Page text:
The Hound of the Baskervilles is probably Conan Doyle’s most famous Sherlock Holmes story. This play attempts to give it a treatment somewhere between the recent adaptation of The 39 Steps and The Reduced Shakespeare Company’s version of The Complete Works of Shakespeare: very tongue-in-cheek and all parts performed by a limited number of actors – in this case three.
But those two plays took very different approaches which worked well with their subject matter. By trying to combine both styles, this one succeeds in achieving neither. The minimal set and the lighting were very good and atmospheric, the cast were loud and clear and there were even a few moments that were funny, but after that it becomes difficult to say much for this production.
There was little feeling of suspense or terror at what should be rather a scary story, even if played for laughs. The cast appeared to be racing through their lines without spending the time to develop characters or suspense, whereas a few meaningful pauses and expressions and a bit more time spent developing ‘business’ could have made such a difference. It’s as though the cast didn’t believe in what they were doing and they and the director felt that the script was funny enough to be practically read out to the audience.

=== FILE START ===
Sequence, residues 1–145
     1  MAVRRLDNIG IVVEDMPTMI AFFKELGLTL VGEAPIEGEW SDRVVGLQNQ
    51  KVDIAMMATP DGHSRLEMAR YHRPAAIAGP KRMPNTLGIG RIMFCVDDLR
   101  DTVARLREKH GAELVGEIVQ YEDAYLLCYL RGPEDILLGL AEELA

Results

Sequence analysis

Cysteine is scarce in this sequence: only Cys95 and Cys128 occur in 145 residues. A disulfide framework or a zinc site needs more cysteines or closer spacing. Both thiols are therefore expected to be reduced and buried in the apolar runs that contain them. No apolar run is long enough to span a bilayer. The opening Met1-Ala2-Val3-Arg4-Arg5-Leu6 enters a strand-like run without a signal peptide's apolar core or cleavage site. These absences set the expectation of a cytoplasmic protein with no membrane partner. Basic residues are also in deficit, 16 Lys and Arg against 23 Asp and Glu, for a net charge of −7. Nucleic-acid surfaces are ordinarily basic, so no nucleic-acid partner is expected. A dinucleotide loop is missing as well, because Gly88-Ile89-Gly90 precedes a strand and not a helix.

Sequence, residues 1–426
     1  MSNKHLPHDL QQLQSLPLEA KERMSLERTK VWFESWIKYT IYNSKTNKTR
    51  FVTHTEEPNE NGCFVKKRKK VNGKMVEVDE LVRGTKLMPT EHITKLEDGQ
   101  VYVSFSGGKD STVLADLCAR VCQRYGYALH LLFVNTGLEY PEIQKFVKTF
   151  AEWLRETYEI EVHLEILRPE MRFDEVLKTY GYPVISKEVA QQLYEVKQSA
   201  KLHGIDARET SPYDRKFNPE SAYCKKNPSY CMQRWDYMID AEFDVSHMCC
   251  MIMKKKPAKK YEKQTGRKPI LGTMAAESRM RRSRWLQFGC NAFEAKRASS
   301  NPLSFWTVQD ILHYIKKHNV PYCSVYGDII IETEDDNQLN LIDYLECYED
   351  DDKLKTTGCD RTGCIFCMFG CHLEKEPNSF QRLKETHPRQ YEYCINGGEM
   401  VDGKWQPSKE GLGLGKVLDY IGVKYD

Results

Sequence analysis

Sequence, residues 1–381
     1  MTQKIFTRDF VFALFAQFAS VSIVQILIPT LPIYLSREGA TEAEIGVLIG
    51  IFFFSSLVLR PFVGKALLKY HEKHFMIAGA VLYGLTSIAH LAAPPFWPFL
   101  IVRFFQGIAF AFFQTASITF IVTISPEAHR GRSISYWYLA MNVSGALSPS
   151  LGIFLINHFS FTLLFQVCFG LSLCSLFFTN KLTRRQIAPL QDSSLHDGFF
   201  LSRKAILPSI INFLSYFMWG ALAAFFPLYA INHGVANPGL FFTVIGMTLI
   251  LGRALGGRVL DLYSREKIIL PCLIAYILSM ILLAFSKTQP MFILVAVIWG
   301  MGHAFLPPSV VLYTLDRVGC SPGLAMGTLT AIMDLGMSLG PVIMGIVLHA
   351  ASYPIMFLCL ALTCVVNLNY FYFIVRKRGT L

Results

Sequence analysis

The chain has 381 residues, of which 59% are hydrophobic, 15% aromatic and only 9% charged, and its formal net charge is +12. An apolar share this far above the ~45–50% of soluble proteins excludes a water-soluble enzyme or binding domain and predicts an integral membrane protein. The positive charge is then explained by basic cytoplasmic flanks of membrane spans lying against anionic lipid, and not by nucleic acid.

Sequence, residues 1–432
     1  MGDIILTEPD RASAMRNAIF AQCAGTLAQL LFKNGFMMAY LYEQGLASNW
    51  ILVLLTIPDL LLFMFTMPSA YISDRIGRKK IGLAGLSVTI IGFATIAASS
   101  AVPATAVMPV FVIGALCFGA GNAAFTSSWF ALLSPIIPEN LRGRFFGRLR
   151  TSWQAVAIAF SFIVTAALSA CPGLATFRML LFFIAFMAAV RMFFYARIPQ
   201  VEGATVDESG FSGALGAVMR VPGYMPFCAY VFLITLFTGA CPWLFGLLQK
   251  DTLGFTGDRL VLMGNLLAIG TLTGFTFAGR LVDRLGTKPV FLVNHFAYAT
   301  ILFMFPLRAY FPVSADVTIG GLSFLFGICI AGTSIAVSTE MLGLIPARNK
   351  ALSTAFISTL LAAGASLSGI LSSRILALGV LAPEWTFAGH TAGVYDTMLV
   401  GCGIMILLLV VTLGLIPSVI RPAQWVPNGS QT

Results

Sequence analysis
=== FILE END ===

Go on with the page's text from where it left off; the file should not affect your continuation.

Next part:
There were some bright spots, such as Marc Alden Taylor’s frantic panicked charge round the auditorium at the start, the sleight of hand (or leg) where Marc manages to lose his trousers while seemingly in plain view, Marc and Alec Brown sinking into the mire, and Mike Tildesley’s many quick changes. But not enough to save the production from being rather dull overall. One example of lack of attention is perhaps a joke at the start of the second act that relied on the Sherlock character having spoken with a Spanish accent throughout, but Mike only used the Spanish accent when playing Javier the actor and not as Sherlock Holmes.
A shame really as I think that a bit more work could have given it the spark to make a good night’s entertainment. As it is, it felt like a wasted evening.